UnidosUS Issues Statement on the Constitutionality of CFPB Funding
WASHINGTON, DC— The Supreme Court announced it will review the Fifth Circuit’s outlier decision, Consumer Financial Services Association of America v. Consumer Financial Protection Bureau, overturning the funding for the Consumer Finance Protection Bureau (CFPB) on constitutional grounds and invalidating its payday lending rule. Laura MacCleery, Senior Policy Director, UnidosUS, issued the following statement in response to the announcement:
“On the heels of the financial crisis, and with the economy in tatters, Congress established the CFPB in 2011. UnidosUS proudly advocated for its creation because its mandate includes ‘ensuring that all consumers have access’ to financial products that are fair, transparent and competitive.
“As a civil rights organization, we saw that the CFPB could—and does—democratize consumer safeguards, bringing a renewed focus to scams and schemes that target middle- and lower-income people, including those who are unbanked or non-English speakers, as well as youth and immigrants. Among the first rules the new Bureau tackled were those to help address unfair practices on remittances and credit card scams targeting students.
“At a time when Latino purchasing power is approaching $2.6 trillion, this kind of oversight and rapid response is essential for harnessing the economic prosperity, contributions and mobility of Latinos, who, as a community, are too often targeted by the most predatory actors in the financial sector.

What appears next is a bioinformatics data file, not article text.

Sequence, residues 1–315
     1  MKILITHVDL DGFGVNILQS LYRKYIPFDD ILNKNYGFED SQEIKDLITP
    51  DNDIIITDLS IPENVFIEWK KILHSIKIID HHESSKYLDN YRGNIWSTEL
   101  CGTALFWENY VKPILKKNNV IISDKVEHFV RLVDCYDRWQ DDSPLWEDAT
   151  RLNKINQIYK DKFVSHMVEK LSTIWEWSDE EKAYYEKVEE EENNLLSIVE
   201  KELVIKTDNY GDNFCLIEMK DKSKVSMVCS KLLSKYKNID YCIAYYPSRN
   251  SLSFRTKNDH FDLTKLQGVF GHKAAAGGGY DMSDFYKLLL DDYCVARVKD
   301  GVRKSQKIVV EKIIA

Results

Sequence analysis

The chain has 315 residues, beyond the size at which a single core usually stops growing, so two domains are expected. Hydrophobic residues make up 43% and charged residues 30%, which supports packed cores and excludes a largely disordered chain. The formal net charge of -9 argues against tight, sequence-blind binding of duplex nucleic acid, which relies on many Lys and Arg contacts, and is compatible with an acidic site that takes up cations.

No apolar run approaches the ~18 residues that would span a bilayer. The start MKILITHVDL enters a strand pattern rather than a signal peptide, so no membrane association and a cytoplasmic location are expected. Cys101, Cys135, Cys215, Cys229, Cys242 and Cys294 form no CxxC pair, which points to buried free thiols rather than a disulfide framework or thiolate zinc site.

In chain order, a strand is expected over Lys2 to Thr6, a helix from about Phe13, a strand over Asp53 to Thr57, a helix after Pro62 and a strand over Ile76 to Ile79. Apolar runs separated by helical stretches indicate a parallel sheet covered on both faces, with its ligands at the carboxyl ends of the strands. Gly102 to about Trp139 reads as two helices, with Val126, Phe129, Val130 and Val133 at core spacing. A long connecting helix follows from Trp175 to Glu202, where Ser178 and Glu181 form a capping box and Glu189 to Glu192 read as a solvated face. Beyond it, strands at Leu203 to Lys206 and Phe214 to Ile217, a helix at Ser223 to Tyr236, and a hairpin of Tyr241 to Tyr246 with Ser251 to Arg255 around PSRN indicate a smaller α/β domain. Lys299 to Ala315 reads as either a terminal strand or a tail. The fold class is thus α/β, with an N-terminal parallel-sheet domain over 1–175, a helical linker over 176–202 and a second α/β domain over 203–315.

“When the CFPB was created after the financial crisis, it was asked to bring transparency and fairness to financial products and services offered by financial institutions and other companies, creating compliance certainty and preventing unfair competition. At that time, Congress transferred functions to the CFPB that were previously handled by the banking agencies and determined that the CFPB needs the same steady, dependable funding structure. Congress also made the decision to give the CFPB the same funding mechanism as the Federal Reserve to provide funding stability and an ability to perform these functions without interruption and with certainty, given their clear importance.
“Financial regulators are generally funded in this manner because it helps to assure the continuity of regulations that keep the economy stable. The Senate Banking Committee explained at the time that ’the assurance of adequate funding, independent of the Congressional appropriations process, is absolutely essential to the independent operations of any financial regulator,’ citing the ’hard learned lesson’ from the under-funding of the predecessor to the Federal Housing Finance Agency.
“The prospect of a non-functioning CFPB poses a severe risk to businesses. The rules of the road that the Bureau establishes supersede a large number of inconsistent regulatory approaches at the state level, thus creating compliance certainty and a body of national law. Returning abruptly to a patchwork system would introduce major uncertainties, threatening the legality of dozens of exemptions and practices that companies rely on every day.
“The CFPB, like many other federal entities, was carefully designed to meet a need shared by many Americans, including lower- and middle-income consumers, as well businesses both large and small. Its capacity to fulfill its charge depends upon a structure embodying subtle but essential values embedded by Congress and shared across many agencies—including predictability, certainty and the stability of the financial marketplace and many of its regulators. Let’s hope that the Supreme Court allows common sense to prevail.”